Madam Justice Bonnie Wein of the Ontario Superior Court of Justice has decided that 72-year-old paralegal Joseph De Teresi belongs on the Ontario Vexatious Litigant list, after he brought 73 lawsuits in the past 10 years. According to the Toronto Globe and Mail, De Teresi — dubbed “the king of vexatious litigation” — filed “a blizzard of legal paper that targeted everyone from clients and landlords to banks, law firms, credit agencies and computer companies.” “Judge gives the boot to the king of the suit,” Jan. 30, 2007. De Teresi will now have to ask permission before before starting any sort of litigation in an Ontario court. He says he’s too old to appeal or bring any more suits, and told the Toronto newspapear that:
“he has won about 60 of his lawsuits and settled 10 more in his favour. However, he said his admirable success ratio and the validity of his claims counted for nothing with Judge Wein.
” ‘Superior Court judges in Brampton do not like self-represented litigants,’ Mr. De Teresi said. ‘That is a fact. . . . She never read my [written] submissions, and she practically didn’t allow me to make any submissions in court’.”
The opinion is not yet available at the CanadaLII website, so I can’t tell you Justice Wein’s reasoning or the factual basis for the decision. Apparently, this law suit involves the Brampton, Ontario, law firm Dale Streiman & Kurz, “which decided to fight back after Mr. De Teresi refused to pay its legal bill for $367.45. . . . Mr. De Teresi refused to pay his legal bill and sued DS&K for remitting the unpaid bill to a credit agency.” DSK says it spent the equivalent of ten of thousands of dollars fighting De Teresi, in order to stop his practice of “persistently us[ing] the courts to harass opponents in an attempt to force settlements that are to his advantage.”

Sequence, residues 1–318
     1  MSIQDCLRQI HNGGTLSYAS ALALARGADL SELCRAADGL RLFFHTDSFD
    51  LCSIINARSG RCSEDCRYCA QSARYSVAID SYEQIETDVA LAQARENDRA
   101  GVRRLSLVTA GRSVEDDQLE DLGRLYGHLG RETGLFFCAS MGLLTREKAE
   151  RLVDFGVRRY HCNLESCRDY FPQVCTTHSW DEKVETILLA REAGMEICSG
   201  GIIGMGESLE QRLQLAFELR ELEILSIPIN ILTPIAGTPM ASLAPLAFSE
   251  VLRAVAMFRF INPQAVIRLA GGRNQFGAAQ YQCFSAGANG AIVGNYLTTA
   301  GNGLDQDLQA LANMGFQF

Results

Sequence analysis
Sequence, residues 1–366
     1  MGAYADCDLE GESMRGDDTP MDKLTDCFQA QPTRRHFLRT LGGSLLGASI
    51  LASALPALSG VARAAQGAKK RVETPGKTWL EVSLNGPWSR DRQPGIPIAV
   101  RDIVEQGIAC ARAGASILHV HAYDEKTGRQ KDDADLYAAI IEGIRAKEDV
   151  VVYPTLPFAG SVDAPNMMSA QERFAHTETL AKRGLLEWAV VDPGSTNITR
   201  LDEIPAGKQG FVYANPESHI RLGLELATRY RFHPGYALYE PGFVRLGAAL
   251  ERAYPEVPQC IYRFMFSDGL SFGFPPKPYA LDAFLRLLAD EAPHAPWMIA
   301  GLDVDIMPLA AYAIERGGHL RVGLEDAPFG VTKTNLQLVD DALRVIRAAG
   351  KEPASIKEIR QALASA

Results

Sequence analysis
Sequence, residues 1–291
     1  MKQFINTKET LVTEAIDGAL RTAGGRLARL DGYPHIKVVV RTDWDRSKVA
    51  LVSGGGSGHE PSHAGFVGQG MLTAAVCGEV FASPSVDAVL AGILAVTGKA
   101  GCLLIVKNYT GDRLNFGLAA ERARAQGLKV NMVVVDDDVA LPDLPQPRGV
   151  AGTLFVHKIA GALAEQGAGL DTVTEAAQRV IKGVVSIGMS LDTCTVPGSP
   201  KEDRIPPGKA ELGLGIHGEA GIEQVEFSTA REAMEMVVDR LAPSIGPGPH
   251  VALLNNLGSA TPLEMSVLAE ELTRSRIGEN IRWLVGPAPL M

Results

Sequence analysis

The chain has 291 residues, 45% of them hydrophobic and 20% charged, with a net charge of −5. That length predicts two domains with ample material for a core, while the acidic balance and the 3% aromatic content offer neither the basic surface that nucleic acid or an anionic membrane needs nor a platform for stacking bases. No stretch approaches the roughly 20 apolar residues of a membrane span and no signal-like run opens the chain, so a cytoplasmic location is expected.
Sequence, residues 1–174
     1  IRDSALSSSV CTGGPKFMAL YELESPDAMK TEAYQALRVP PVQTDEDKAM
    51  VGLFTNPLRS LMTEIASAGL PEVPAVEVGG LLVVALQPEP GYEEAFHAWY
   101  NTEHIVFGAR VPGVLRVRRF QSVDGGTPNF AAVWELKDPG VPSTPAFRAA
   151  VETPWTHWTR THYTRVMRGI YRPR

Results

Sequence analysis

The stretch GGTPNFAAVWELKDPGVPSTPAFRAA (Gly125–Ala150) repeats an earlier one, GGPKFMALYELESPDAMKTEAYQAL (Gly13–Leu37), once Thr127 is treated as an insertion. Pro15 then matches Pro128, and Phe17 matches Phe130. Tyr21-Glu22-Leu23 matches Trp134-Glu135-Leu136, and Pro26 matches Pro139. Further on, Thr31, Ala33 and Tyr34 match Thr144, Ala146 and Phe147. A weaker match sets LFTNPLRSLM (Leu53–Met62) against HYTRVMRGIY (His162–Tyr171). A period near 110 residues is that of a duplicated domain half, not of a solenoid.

Vexatious litigation rules and laws are usually aimed at self-represented parties — probably because attorneys would face ethics discipline for similar practices on behalf of represented clients. A good working definition is given in Wikipedia:
“Vexatious litigation is legal action which is brought, regardless of its merits, solely to harass or subdue an adversary. It may take the form of a primary frivolous lawsuit or may be the repetitive, burdensome, and unwarranted filing of meritless motions in a matter which is otherwise a meritorious cause of action.”
Current or former member states of the British Commonwealth seem especially likely to have vexatious litigation rules and lists. One commentator notes that England has had such laws since at least 1896. You can find the current list for the United Kingdom (England and Wales) here. Victoria, Australia, appears to apply their rules sparingly: “As of 2006, only 13 people . . . had been declared vexatious litigants since the law was introduced in 1930.”
In the USA, California has a well-established system for tracking and controlling vexatious litigants. (Code of Civil Procedure, section 391(b)) Click for a useful FAQ about the California VL system. Here are a couple of other resources on the topic:
- The Law Reform Commission of Nova Scotia issued a Report on Vexatious Litigants (April 2006), which explains the problems caused by VLs and the issues raised by trying to limit access to the courts. It notes that the federal courts in Canada have rules against VL, as do seven Canadian provinces.
- Martin Frost, who had been deemed a vexatious litigant in Scotland, has collected a lot of information on the history of such laws, including articles, case law and legal arguments. He writes, “It is my belief that in my case (which I regard as an abuse of process by the Scottish Executive against me) and no doubt in many others to come that vexatious proceedings will become common place for those that govern and judge us will seek to deny access to those of us that do not toe their particular mind set.”